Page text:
For a fifth consecutive year, millennials led home purchase activity, comprising 36 percent of the buyers in 2017. The oldest millennials are now 37, and as this generation ages and starts families, a wave of potential new buyers are moving into the market. Approximately two-thirds of first-time buyers in 2017 were millennials, but housing affordability remains a concern in 2018 as home listings under $200,000 continue to shrink. Homes in this price tranche have fallen 59* percent since May 2012.

As home prices in urban areas have appreciated faster than those in the suburbs, millennial buyers active in the market are reversing a trend of moving to the core. For a third straight year, more than 50 percent of homes sold to this generation during 2017 were in the suburbs as they seek out affordable housing options. Over the next five years, the young adult population in downtown cores is expected

to fall by an average of 0.7 percent each year, compared with annual growth near 1.5 percent since 2000.

While millennials are a driving force behind home purchases, first-time buyer activity constituted just 33 percent of sales in April, well below the long-term average of 40 percent. Homeownership among young adults is also the lowest of all age segments, with slightly more than 35 percent of those under age 35 owning a home, down from approximately 43 percent before the recession. The limited supply of entry-level housing, both new and existing, and the rising cost of debt will restrain millennial home purchases. Younger millennials are also just entering the workforce, and delays in other major milestones, such as marriage and having children, will contribute to a large share of these individuals choosing to rent over the next few years.

$259,900 Median price of existing single-family homes in April 2018 4.0 Months of supply at current sales pace in April 2018

 May 2012 ** Through May 2018 * compiled from the realtor.com residential listings database at http://www.realtor.com/research/data Sources: Marcus & Millichap Research Services; U.S. Census Bureau; Real Page, Inc.; National Association of Realtors; National Association of Home Builders; New York Fed Consumer Credit Panel/Equifax

The Research Brief blog from Marcus & Millichap offers timely insight and expertise into the rapidly changing investment real-estate industry. The Research Brief is published by top industry professionals, showcasing time-sensitive information and valuable analysis. Add The Research Brief blog to your reading list today.
The information contained herein was obtained from sources deemed reliable. Every effort was made to obtain complete and accurate information; however, no representation, warranty or guarantee to the accuracy, express or implied, is made.
Marcus & Millichap is a service mark of Marcus & Millichap Real Estate Investment Services, Inc.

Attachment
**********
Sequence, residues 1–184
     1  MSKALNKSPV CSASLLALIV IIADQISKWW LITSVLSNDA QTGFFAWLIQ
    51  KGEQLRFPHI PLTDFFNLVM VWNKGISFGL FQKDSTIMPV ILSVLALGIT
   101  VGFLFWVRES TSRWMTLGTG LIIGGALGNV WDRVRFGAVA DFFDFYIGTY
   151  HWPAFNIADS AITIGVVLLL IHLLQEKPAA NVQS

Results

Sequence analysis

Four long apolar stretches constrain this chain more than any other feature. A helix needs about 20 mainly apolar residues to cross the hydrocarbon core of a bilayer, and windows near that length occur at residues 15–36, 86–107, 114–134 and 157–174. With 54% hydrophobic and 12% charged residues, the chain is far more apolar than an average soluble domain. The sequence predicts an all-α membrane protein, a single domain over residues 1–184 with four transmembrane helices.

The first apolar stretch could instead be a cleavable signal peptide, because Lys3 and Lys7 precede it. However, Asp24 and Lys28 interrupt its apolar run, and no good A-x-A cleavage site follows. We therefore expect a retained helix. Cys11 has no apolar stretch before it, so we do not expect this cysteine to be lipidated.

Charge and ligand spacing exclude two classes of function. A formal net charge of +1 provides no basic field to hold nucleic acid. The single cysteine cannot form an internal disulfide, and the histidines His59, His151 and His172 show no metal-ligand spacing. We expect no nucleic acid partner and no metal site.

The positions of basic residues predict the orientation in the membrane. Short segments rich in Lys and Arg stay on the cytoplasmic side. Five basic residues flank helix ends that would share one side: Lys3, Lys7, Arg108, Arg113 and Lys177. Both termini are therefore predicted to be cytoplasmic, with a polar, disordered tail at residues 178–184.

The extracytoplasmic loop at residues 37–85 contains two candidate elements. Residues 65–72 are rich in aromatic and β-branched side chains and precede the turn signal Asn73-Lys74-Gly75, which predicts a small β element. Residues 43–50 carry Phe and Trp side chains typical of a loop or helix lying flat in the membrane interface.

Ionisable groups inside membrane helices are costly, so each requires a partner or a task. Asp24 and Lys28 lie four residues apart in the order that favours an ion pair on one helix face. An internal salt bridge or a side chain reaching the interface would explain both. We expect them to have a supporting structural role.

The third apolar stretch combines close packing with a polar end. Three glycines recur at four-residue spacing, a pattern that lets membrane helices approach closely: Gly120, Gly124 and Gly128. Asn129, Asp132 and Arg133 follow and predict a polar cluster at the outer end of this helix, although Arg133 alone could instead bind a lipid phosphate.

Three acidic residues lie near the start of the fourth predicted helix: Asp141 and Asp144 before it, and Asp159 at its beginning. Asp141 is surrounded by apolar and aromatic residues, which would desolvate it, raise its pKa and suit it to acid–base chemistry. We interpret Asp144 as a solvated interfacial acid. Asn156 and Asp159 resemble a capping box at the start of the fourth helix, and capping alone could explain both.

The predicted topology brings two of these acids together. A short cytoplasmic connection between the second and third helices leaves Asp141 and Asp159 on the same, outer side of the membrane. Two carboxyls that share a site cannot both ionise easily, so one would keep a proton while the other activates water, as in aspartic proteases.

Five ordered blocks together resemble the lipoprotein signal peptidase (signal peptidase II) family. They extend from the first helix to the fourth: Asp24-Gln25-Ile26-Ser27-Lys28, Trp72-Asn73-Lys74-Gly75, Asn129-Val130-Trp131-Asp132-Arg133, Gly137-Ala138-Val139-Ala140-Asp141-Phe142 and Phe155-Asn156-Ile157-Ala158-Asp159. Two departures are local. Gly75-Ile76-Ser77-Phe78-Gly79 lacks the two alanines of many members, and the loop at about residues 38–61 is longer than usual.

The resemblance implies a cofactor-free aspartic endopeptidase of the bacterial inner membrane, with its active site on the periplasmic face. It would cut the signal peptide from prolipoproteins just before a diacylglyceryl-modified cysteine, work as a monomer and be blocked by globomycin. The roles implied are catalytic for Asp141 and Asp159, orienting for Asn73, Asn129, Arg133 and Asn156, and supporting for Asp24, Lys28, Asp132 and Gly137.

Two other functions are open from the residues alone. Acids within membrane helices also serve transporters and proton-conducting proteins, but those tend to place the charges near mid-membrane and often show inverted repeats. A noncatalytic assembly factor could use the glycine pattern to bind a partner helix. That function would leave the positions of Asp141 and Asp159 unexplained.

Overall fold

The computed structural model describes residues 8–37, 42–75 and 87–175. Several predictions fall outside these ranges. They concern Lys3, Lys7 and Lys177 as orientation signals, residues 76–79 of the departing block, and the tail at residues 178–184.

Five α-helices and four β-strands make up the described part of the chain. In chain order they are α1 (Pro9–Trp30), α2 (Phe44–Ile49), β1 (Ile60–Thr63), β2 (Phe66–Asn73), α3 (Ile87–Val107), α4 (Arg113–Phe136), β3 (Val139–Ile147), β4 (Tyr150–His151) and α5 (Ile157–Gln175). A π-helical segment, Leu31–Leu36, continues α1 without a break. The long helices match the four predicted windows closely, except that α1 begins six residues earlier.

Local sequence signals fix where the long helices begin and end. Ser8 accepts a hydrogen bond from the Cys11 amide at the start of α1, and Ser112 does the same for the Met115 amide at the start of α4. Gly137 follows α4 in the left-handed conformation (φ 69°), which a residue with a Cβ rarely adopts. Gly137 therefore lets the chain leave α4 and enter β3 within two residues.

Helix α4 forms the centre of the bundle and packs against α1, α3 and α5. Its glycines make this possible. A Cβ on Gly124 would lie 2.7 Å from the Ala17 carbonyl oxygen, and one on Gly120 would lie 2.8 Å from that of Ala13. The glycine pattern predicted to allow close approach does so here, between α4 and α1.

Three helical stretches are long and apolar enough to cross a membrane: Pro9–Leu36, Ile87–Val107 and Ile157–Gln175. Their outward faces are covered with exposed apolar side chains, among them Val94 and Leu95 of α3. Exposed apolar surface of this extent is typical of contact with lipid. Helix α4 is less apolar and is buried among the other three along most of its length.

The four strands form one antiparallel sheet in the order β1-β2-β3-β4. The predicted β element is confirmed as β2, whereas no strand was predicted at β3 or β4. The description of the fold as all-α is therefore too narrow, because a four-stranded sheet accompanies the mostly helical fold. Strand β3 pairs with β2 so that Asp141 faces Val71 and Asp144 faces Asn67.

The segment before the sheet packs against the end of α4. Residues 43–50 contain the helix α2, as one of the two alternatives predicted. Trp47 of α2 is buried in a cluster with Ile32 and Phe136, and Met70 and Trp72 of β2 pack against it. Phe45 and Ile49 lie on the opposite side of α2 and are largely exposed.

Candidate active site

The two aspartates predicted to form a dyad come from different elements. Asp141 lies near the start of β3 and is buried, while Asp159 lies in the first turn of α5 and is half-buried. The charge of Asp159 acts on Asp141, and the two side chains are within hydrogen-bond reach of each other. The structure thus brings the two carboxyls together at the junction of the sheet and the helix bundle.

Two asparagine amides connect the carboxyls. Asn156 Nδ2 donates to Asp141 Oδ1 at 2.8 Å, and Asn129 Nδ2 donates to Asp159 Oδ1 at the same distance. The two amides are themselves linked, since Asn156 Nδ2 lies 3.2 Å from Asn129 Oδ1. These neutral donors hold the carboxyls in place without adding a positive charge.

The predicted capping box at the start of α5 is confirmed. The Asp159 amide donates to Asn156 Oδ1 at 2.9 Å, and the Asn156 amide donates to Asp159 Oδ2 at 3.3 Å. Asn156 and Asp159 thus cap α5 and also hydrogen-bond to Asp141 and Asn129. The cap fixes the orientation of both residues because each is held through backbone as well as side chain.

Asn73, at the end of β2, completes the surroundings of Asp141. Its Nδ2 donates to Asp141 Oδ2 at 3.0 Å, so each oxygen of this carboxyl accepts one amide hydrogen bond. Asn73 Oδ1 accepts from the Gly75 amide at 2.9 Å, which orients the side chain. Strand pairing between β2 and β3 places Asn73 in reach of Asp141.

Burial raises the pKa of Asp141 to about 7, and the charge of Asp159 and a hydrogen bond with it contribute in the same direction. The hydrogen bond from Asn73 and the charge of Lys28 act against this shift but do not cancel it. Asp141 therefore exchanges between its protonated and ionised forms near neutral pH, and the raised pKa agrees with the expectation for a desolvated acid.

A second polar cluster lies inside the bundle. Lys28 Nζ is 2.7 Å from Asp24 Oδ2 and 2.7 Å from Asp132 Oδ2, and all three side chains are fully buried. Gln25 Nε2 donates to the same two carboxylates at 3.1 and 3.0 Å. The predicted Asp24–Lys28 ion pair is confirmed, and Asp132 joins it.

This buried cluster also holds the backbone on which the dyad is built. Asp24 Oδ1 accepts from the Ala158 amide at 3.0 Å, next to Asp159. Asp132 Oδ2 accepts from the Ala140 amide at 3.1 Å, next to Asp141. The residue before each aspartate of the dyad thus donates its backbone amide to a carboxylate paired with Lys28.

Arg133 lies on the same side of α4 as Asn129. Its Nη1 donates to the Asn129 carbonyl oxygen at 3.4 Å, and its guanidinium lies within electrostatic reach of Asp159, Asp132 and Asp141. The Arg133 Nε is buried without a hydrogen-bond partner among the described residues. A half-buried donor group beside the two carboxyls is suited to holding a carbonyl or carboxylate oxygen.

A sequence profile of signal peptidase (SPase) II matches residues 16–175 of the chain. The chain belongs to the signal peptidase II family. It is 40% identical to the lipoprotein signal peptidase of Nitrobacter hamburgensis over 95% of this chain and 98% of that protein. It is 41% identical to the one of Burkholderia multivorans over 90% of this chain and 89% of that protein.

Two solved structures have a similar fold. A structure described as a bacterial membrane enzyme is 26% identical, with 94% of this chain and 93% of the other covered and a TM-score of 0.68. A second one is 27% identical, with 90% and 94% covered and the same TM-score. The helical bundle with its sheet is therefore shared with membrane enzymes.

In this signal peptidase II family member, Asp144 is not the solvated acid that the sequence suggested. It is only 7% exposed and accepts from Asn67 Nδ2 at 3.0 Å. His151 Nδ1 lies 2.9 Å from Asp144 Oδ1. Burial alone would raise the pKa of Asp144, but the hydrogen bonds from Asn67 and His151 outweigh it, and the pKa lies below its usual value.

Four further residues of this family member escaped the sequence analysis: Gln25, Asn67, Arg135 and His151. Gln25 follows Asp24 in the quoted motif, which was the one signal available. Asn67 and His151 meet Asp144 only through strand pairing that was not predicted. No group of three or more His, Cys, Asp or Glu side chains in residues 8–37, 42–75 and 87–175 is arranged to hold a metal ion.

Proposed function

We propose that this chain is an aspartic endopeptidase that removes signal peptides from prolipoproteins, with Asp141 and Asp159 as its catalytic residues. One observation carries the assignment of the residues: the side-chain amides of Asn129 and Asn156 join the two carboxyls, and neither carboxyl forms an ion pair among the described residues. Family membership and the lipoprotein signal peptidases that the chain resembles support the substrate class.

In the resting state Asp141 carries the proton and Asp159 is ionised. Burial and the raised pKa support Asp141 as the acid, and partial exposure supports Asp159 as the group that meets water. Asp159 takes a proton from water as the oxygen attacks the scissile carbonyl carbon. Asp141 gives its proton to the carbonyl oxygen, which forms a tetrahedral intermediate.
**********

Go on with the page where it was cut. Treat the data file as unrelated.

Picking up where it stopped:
© 2018 Marcus & Millichap. All Rights Reserved.
23975 Park Sorrento | Suite 400 | Calabasas, CA 91302 | Telephone: (818) 212-2250

 

Heightened Consumer Confidence Remains Driver Behind Strong Spending, Improving Outlook for Retail

 

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Research Brief
May 2018
RETAIL
Developing Trends
Job market easing modestly. The U.S. economy added 164,000 jobs in April, dropping the national unemployment rate to 3.9 percent, the lowest measure since December 2000. Job openings, however, reached a record 6.6 million positions, signaling that there may be a shortage of qualified workers.
Large companies beginning to invest more in their workers. The sizable corporate tax cuts could become more evident in the near future, as companies like CVS, Starbucks and Target have committed to raising wages. A tightening labor market should provide a boost to wages, as well.
Consumers optimistic about U.S. economy. With the national economy exhibiting considerable strength, consumer confidence has risen 7.8 percent year over year. Key economic indicators point to a continuation of this upward trend.
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Heightened Consumer Confidence Remains Driver Behind Strong Spending, Improving Outlook for Retail
Stout retail sales growth a product of strong economic metrics. The confluence of several factors contributed to another month of steady spending. Core retail sales increased 4 percent year over year in April, the third straight month of at least 4 percent annual growth. Near record-high levels of consumer confidence have aided retail sales in past months, as many consumers now have more discretionary income, largely due to tax cuts and solid wage growth. Wage gains have remained range-bound in the mid-2 percent area for the past few years, but this number is expected to rise as large companies portend wage hikes. Additionally, the unemployment rate slid below 4 percent in April thanks to another month of job creation. With a number of tailwinds propelling retail, the sector is poised for continued growth this year. Investors seek stability when exploring retail investment options. With investor sentiment moving back to an upward trend, retail investments have become a more engaging option for those looking to deploy capital into commercial real estate. Positive spending trends in grocery stores have generated increased investor demand for centers anchored by these assets. High foot traffic and the adoption of omnichannel retail practices make them particularly attractive. Food and beverage sales have also generated a strong performance in recent months. Bolstered spending in this category has enticed some investors to examine quick-service and fast-casual restaurant investment opportunities more closely. These assets have proved to be relatively stable through a range of economic conditions, providing investors with the confidence of the assets’ durability.